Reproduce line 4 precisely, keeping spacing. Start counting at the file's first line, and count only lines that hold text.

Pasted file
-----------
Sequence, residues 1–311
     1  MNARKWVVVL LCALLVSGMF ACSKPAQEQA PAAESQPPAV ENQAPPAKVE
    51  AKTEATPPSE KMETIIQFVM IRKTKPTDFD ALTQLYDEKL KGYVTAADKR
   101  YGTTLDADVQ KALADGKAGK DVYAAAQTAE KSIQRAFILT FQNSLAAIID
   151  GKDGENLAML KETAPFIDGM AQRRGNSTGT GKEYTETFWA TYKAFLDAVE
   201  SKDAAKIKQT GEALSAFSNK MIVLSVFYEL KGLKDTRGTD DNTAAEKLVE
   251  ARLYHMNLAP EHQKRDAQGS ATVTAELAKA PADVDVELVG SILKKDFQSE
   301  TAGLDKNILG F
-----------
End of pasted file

   101  YGTTLDADVQ KALADGKAGK DVYAAAQTAE KSIQRAFILT FQNSLAAIID